Great French Passenger Ships Book Review

William H. Miller has written over eighty books on passenger ships, lecturing aboard many, and is one of the foremost authorities on the subject. His latest, Great French Passenger Ships (published by The History Press in September 2014), is no exception.

As with all publications of this kind, the accompanying photographs through the ages help to illustrate what was essentially a different world when it came to ocean going travel. The opulence of the French transatlantic liner, was second to none and rivalled the likes of Cunard’s Queen Mary and Queen Elizabeth. In fact, the former was a contender with Normandie for the Blue Riband, the French liner entering service a year prior gave her the advantage. They would continue to battle for the prize until World War II broke out in 1939.

The 98 page book opens with the France of 1912, ending with the last and most celebrated ship to bear that name from 1962, and takes you through the intervening decades when sailing across the Atlantic was a vastly different experience to today. As well as the more famous Normandie and Île de France, the author includes histories on some lesser known vessels including Felix Roussel.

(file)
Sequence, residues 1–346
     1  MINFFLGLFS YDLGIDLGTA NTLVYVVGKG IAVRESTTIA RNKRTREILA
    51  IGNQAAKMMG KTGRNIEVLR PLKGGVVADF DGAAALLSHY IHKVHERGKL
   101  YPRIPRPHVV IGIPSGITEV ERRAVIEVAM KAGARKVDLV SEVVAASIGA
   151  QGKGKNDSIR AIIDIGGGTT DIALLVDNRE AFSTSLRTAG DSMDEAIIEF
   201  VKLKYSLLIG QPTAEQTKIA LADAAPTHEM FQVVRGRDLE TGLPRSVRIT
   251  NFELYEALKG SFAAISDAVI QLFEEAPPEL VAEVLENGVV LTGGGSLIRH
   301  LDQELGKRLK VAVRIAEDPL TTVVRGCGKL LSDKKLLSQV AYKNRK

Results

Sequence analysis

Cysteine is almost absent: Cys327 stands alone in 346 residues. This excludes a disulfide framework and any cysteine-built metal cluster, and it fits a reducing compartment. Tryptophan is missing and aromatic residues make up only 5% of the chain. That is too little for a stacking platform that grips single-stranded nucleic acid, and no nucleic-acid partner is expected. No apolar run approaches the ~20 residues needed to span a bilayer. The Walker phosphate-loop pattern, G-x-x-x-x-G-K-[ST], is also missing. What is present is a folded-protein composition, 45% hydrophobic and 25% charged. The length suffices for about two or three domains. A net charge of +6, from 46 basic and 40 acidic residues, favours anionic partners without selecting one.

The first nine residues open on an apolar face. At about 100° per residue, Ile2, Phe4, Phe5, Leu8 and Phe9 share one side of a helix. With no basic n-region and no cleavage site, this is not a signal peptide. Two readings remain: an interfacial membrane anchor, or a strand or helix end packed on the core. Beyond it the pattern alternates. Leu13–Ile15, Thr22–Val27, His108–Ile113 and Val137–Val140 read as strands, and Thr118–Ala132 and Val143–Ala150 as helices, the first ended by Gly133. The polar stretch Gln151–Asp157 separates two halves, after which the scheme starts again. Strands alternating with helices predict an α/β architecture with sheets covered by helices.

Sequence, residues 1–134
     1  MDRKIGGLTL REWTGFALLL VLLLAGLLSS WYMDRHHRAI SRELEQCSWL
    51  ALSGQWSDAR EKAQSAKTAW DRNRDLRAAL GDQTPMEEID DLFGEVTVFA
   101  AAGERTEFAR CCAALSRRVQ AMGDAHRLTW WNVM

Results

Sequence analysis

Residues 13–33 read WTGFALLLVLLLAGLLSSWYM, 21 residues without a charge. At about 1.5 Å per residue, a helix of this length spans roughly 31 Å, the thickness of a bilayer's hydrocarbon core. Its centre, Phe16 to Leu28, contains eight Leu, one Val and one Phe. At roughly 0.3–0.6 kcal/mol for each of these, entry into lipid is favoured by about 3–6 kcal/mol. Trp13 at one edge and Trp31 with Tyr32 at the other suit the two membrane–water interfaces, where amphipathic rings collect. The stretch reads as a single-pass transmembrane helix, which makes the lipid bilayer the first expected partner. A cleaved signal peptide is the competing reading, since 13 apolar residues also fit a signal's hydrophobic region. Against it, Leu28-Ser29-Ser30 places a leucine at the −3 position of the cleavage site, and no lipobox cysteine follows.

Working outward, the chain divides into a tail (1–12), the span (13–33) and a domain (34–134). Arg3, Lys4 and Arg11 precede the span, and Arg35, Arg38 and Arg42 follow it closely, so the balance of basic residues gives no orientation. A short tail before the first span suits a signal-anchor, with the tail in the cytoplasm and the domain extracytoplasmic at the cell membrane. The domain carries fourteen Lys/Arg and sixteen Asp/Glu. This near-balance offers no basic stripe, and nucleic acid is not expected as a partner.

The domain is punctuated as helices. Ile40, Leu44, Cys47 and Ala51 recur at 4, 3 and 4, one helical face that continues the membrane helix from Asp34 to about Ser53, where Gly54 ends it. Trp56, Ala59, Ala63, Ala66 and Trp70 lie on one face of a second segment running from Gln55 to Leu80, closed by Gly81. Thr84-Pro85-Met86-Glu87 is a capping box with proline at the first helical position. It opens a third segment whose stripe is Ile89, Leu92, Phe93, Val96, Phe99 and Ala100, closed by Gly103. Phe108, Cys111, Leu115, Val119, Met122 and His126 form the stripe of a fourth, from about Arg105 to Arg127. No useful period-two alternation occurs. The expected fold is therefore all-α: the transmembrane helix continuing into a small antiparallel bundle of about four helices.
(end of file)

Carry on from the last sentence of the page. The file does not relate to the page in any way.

Each chapter is chock full of information from the beginning to end of each ships’ career. In some chapters, Miller has included personal memories, making it an enjoyable read while taking you back in time to when crossing the Atlantic really WAS the only way to cross.

Great French Passenger Ships by William H. Miller
Published by The History Press
ISBN 978-0-7524-9152-3

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